Foil Boats

June 13, 2020 by Jenny Young (Gauteng, South Africa)
A simple foil boat

Jenny's grandchildren sailing foil boats
on a puddle

It is now almost nine years since Zachary died. Since then, our son and daughter-in-law in New Zealand have had three wonderful children who keep my daughter-in-law very busy! We have air tickets to visit them at the end of November but now, with the Covid-19 pandemic and the world-wide closing of borders, we have no idea whether that will happen.

However, we are fortunate to be sharing a property with our daughter, son-in-law, and three grandchildren here in South Africa. We are in the granny cottage on the property, and they live in the house. So we are all in lockdown together, which is a great blessing. I get to spend an hour with my grandchildren every day, baking or doing crafts or Granny Science.

One day, near the beginning of lockdown, it had been raining all morning. We decided to make foil boats and sail them on puddles for our Granny Science activity. The plan was to investigate different sizes and placement of sails but we never really got that far. First, our big puddle had dried up by the afternoon, so the kids had tremendous fun filling it up again with buckets while wearing their roller blades. Eventually they got the puddle big enough to sail boats on. Then, naturally, the wind didn’t co-operate and the boats sailed wherever they pleased.

This reminded me of the verse that says, “Unless the LORD builds the house, the builders labor in vain. Unless the LORD watches over the city, the guards stand watch in vain. In vain you rise early and stay up late, toiling for food to eat—for he grants sleep to those he loves” (Psalm 127:1-2, NIV).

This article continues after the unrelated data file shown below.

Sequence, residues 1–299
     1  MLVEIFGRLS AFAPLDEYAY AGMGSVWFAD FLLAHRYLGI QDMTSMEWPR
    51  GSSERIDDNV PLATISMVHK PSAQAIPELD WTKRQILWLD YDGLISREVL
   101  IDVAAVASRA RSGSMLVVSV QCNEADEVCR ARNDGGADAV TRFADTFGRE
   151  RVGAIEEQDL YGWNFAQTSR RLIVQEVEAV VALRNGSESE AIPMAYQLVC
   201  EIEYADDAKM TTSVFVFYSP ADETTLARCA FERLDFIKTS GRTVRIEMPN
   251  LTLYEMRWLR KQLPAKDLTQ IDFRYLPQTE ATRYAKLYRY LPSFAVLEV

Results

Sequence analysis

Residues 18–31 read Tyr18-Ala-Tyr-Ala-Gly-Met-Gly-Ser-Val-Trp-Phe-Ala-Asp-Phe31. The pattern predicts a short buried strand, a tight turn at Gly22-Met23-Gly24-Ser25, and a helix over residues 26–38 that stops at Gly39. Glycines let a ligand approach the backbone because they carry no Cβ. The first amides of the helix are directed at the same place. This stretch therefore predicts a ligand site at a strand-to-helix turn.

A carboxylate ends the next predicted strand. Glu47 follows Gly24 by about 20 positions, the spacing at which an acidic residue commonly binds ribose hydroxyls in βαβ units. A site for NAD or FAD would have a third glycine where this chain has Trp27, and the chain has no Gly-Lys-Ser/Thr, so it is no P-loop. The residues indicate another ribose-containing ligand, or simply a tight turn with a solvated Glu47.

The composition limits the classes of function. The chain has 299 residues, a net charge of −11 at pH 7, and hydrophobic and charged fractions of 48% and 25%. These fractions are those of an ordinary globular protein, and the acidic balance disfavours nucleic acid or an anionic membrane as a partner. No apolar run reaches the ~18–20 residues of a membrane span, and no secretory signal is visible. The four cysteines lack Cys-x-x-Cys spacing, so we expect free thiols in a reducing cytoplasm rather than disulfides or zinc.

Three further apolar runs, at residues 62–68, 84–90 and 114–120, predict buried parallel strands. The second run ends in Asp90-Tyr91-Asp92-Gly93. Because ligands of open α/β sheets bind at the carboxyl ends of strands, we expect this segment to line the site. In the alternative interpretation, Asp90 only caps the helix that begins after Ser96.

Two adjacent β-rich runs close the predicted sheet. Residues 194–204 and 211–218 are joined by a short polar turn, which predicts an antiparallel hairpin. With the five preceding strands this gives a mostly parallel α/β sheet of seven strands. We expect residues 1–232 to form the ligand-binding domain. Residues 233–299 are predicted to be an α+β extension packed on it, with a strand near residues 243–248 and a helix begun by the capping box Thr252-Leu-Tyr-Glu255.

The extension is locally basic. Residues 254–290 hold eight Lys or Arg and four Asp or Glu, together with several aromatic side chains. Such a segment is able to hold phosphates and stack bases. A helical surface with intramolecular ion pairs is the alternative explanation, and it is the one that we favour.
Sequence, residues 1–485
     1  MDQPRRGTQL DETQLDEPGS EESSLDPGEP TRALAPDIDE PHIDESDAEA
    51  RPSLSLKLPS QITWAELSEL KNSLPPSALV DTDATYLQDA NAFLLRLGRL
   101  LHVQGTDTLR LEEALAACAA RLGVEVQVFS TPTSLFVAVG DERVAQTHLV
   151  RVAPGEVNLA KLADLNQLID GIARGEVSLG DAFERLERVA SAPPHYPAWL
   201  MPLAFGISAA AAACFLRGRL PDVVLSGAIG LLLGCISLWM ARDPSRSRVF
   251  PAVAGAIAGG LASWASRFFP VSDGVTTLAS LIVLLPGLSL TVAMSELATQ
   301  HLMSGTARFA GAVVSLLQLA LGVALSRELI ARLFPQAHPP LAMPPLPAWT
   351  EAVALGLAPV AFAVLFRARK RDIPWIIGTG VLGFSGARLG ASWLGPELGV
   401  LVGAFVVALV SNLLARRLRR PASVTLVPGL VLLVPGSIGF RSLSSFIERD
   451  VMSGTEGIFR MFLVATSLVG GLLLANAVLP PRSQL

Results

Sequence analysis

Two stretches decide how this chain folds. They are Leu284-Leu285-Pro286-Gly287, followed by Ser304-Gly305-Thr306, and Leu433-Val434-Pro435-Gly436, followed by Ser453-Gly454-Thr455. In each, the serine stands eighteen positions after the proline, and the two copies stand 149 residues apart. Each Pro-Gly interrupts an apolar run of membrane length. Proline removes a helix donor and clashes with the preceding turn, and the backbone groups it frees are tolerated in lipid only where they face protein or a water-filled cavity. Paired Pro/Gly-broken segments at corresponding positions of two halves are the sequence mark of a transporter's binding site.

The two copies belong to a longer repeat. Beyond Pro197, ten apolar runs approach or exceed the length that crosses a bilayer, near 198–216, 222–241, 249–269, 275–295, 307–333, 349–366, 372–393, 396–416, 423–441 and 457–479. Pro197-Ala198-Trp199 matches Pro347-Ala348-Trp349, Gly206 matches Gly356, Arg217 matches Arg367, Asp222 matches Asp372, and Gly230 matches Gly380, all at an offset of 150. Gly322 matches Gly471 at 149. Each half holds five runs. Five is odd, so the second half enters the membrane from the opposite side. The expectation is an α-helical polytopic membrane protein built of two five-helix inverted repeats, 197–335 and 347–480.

We often think we are in control, but we’re not. The farmer can plant seeds, but unless God sends rain, nothing will grow. Boat-builders can build beautiful sailing vessels, but unless God sends wind, they are useless. Without the physical laws God put in place at the foundation of the universe, nothing would work.

In this time of lockdown, one of our many anxieties is the fact that we feel helpless. Things are out of control, and we have no idea what the future holds. The fact is, we have always been helpless. The control we thought we had over events and plans is only grace that God has given us to work together with God.

It is comforting to know that even though we don’t know what the future holds—just like I don’t know if we will be flying to New Zealand at the end of November or not—we do know the God who holds the future.  We know that God is good, and we know that God loves us.

My prayer:

Father God, I entrust my future to you, knowing that you are able to work all things together for good to those who love you and are called according to your purposes. Amen.

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The Upper Room magazine's mission is to provide a practical way to listen to scripture, connect with believers around the world, and spend time with God each day.

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